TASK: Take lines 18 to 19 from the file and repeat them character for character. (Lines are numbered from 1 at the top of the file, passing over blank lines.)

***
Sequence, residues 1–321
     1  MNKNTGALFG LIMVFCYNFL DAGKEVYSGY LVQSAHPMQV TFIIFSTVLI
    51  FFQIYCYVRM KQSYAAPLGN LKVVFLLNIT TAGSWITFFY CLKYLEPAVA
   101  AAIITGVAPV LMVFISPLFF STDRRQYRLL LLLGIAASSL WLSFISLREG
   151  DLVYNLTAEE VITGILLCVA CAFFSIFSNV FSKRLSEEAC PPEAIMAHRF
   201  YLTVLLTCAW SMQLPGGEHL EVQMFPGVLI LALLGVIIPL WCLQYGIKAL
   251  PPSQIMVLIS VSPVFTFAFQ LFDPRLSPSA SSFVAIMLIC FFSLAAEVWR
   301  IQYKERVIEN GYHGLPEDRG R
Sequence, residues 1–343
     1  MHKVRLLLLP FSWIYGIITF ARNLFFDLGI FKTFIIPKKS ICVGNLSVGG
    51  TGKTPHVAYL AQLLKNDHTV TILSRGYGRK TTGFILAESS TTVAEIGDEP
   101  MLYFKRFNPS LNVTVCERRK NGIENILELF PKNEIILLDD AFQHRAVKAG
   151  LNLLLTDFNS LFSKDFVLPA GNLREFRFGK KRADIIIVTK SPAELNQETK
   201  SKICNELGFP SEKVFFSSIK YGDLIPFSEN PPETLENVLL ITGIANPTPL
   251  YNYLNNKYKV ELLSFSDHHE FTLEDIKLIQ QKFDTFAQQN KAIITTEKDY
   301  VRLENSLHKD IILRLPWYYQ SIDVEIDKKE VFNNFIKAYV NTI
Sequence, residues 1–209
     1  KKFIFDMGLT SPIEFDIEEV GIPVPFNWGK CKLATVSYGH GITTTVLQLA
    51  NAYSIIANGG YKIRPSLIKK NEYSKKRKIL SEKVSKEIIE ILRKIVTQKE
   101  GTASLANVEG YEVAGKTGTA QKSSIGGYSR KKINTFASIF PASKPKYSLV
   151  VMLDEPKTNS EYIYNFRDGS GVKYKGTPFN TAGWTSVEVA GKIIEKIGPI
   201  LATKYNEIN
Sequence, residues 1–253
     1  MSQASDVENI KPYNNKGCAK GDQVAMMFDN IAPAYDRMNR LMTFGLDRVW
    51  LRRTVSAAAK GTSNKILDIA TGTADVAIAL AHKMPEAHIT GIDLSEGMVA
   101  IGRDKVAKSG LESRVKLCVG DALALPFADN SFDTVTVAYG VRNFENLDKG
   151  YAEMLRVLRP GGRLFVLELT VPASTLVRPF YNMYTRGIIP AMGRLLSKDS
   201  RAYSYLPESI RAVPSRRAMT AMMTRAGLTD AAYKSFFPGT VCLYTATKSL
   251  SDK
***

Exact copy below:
     1  KKFIFDMGLT SPIEFDIEEV GIPVPFNWGK CKLATVSYGH GITTTVLQLA
    51  NAYSIIANGG YKIRPSLIKK NEYSKKRKIL SEKVSKEIIE ILRKIVTQKE